Computational creativity and the future of AI

Nasal spray nanovaccine promises no pain, more gain


March 24, 2014

Newly-developed nasal spray vaccines offer some key advantages over injections  (Photo: Sh...

Newly-developed nasal spray vaccines offer some key advantages over injections (Photo: Shutterstock)

Vaccines save lives, but sometimes they fail to reach the people who need them most, in parts of the developing world. A research team from Iowa State University is currently developing a new generation of vaccines that uses nanotechnology, and is delivered in spray form. One of the advantages of this new type of vaccine is that is can increase access to people living in remote areas because it requires no refrigeration and is simpler to administer.

Current vaccines typically work by introducing part of a virus or bacteria into the body, to trigger what is known as humoral response – the immune system’s ability to produce antibodies that prevent future infections. But more recently, science has started to focus on the use of T cells (white blood cells that monitor abnormalities and infections) to fight viral and bacterial infections, a possibility that these new spray vaccines also explore.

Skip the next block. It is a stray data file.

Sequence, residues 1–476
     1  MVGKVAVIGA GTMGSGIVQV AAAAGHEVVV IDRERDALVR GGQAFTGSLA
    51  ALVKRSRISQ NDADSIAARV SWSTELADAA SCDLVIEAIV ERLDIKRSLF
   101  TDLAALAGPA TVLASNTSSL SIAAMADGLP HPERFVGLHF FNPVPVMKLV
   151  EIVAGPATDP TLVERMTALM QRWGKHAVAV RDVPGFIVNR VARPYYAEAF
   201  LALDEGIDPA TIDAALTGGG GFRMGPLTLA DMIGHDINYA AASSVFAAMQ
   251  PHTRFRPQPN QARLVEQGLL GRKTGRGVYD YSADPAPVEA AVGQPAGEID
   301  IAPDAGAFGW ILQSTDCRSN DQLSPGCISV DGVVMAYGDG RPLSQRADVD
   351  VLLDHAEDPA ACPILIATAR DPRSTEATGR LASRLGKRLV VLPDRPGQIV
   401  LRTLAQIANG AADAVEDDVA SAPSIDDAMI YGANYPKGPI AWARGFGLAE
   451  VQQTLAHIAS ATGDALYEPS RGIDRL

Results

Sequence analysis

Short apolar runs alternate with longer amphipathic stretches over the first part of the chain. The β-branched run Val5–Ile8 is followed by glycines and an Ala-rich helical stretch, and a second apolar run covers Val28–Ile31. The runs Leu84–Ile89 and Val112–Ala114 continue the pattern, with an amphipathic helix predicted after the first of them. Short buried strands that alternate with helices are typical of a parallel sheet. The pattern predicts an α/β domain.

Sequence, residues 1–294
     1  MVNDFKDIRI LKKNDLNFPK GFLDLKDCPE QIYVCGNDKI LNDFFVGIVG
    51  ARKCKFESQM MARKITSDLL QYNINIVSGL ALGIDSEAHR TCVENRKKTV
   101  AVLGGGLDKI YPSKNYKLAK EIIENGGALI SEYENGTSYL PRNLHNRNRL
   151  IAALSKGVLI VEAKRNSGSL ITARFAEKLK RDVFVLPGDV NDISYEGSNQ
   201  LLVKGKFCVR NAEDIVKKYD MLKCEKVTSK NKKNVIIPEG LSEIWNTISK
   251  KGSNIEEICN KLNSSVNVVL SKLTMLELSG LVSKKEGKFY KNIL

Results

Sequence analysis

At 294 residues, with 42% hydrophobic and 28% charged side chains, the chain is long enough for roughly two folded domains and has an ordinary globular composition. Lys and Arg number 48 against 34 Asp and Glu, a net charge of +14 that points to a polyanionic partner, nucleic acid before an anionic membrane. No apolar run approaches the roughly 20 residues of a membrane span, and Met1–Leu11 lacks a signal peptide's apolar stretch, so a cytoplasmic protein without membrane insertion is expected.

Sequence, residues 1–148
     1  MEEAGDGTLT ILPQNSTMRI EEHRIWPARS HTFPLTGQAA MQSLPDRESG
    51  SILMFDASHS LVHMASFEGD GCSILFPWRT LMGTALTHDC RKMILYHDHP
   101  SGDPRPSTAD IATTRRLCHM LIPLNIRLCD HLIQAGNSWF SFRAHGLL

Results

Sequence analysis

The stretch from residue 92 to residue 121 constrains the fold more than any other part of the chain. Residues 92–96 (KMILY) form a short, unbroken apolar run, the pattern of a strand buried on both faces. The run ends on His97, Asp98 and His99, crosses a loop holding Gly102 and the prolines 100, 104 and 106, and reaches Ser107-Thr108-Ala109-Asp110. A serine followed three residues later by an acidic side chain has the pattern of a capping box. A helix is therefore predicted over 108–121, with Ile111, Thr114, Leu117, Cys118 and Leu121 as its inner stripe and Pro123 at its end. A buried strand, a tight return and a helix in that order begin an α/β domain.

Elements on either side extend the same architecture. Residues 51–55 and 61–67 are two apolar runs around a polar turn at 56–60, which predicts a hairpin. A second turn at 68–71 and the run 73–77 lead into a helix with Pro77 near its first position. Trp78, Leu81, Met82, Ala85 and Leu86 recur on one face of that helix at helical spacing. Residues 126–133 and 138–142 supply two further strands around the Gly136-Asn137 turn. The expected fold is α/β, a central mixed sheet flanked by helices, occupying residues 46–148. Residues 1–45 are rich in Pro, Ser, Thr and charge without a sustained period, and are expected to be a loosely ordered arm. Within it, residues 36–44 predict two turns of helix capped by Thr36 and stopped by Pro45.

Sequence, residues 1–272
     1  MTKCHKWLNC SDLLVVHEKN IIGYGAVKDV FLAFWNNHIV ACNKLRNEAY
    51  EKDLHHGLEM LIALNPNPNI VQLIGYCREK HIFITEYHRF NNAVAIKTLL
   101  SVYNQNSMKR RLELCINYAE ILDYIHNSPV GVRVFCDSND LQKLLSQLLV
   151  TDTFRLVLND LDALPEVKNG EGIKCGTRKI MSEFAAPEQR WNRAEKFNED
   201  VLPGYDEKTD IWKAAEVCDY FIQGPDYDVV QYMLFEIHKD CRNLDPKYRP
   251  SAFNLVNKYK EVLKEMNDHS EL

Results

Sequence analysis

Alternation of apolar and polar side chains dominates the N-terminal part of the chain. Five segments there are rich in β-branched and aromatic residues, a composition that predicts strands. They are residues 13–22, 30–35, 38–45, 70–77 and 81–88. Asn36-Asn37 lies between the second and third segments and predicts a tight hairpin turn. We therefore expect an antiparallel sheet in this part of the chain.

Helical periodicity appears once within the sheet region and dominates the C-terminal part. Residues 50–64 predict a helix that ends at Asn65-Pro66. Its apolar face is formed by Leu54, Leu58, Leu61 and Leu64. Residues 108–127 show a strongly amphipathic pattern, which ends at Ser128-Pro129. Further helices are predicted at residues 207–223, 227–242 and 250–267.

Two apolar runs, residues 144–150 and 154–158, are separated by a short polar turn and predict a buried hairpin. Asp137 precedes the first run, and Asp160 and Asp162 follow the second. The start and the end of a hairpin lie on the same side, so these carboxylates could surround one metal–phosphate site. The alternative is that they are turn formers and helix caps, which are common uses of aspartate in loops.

The formula of the vaccine includes protein sampled from the target virus or bacteria, covered in biodegradable polymers. Once sprayed or shot into the body, it will activate the immune system and trigger either the T cells or the humoral response to create specific immunological defenses, depending on the chemical composition of the vaccine.

Research so far has shown that the nanovaccine is effective to produce immunity with T cells on rodents. The next phase of the research will assess how it works with larger mammals.

The new type of vaccine offers practical advantages as it can be safely stored at room temperature for up to 10 months without compromising its efficacy. Additionally, the nasal spray format makes application, as well as follow-up shots, easier, even paving the way for self-administration. With no needles involved, it should be easier for parents to take their children through a pain-free procedure, an idea that has been explored by MIT researchers as well.

The findings of the research were recently presented at the 247th National Meeting & Exposition of the American Chemical Society (ACS), which was held at the Dallas Convention Center in the US.

Source: ACS

About the Author
Antonio Pasolini Brazilian-Italian Antonio Pasolini graduated in journalism in Brazil before heading out to London for an MA in film and television studies. He fell in love with the city and spent 13 years there as a film reviewer before settling back in Brazil. Antonio's passion for green issues - and the outdoors - eventually got the best of him and since 2007 he's been writing about alternative energy, sustainability and new technology.   All articles by Antonio Pasolini
Post a Comment

Login with your gizmag account:

Or Login with Facebook:

Related Articles
Looking for something? Search our 31,282 articles
Recent popular articles in Health and Wellbeing
Product Comparisons